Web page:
When moving a business, the primary concern outside of ensuring that all the stuff is moved from one place to another, is to make sure that customers - both old and new - can find you afterward. This takes some careful planning and checking (and re-checking), so use this list as your guide:
Where Are You Going?It might seem obvious, but knowing where you're going, including zip or postal code is essential to planning your transition. Check the address not only through your Realtor or landlord, but also with the post office. The way the address is displayed by the Realtor or landlord might be different than the way the post office recognizes it. This can be an issue if you're moving to a new city. For instance, one city might display suite number first with a dash between it and the street address:
504-123 Main Street
Or it might look like this:
123 Main Street, Suite 504
Know before you move. Also make sure the zip is correct before you change stationary and other communication pieces.
Transfer the Telephone NumberIf possible, have your telephone number transferred. If you're moving cities, and know well in advance that you're moving, it might be worth it to purchase a 1-800 number that will move with you. This way, business can continue with customers being able to get in touch with you even during the transition.
Make sure you have the telephone number, fax number and other pertinent contact information before changing stationary and other marketing tools.
Make a List of all Marketing ToolsMake a list of all the marketing pieces your company has, including stationary, business cards and website. Here's a sample list:
- Stationary - paper and envelopes
- Business cards
- Email addresses if changing Internet Service Provider
- Online directories
- Phone book - white and yellow pages
- Print ads
- Internet ads
- Television ads or Radio ads
- Signs, including business vehicles
- Other marketing pieces, such as pens, magnets or notepads
Make a Communications PlanEven if you're a small business without a communications' department, it's important to carefully plan when and how the marketing tools will be changed and who will take on each task. A communications plan should also include getting in touch with customers, suppliers and other interested parties; everyone will need to be notified of your move.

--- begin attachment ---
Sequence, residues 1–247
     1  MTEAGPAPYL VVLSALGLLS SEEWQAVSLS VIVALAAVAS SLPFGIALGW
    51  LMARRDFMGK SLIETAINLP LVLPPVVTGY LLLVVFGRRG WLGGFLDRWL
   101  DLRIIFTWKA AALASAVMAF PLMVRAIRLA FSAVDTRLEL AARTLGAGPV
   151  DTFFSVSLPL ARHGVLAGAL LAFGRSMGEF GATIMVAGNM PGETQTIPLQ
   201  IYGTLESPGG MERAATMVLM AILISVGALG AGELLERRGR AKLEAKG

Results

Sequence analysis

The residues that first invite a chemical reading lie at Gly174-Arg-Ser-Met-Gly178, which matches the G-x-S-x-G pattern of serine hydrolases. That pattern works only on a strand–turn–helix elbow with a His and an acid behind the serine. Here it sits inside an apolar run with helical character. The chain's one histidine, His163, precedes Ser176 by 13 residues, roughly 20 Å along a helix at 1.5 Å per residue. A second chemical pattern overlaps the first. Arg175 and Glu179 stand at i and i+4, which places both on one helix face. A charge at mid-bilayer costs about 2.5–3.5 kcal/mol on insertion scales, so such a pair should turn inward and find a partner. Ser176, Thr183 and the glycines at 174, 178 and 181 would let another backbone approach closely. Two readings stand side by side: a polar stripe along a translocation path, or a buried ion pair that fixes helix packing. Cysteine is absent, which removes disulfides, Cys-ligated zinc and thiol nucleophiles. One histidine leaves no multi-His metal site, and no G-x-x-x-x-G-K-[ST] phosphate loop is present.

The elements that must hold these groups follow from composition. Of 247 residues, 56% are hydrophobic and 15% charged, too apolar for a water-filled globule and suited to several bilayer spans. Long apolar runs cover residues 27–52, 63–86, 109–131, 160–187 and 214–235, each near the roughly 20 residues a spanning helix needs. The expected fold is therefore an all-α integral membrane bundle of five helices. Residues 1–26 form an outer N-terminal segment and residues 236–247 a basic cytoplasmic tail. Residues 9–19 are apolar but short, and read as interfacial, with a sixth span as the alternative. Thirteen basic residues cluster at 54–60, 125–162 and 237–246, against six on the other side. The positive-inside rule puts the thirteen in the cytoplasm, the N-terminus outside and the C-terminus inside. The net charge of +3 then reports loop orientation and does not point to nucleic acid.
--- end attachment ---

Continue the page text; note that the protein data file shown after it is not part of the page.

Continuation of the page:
The plan should also include contacts for printers, web designers (if this isn't done in house), and ad contacts; make sure you speak with the company that will be handling the changes. Often, printers require a few weeks' notice as do advertisers. Get your order in early to allow time for changes to be made but make sure you also indicate time frames as well. You don't want advertisers to list your new address and contact information before you've even moved. Timing is everything!
Take Advantage of the MoveSince you're in the process of changing all your stationary and business marketing tools, why not take the time to update or revamp your company's look? Updating a logo, website or the look of business cards might be a little more costly, but it might be just the thing your company needs right now. Get some quotes to see how much more this might cost, then decide if now is the time to make a bigger change.
Create a SplashEven if your company doesn't have the extra money to revamp the look of your marketing tools, you can still make the move work for you by making the move center of a marketing campaign.
Let customers - old, new and future - know how this move will benefit them, whether it's a larger parking lot, bigger space, better location, or easier access to local transit. Whatever the reason, spin it to work for you. For instance, a friend of mine recently downsized his company, relocating it to a smaller space. Now, while this may seem impossible to promote positively, he marketed the new space as being more intimate, to ensure more one-to-one service and he let customers know that the inventory would be more specialized for their unique taste. It worked!
Recycle Old StuffBefore your company moves and after you have the new marketing items in hand, have employees recycle all old stationary, brochures and print materials. This should be one of the last steps in your move. Usually I'd recommend that you reuse any materials that you can, such as using old letterhead as scrap paper. However, in this case, old stationary can be mistaken for new and accidentally used, disrupting your communication plan.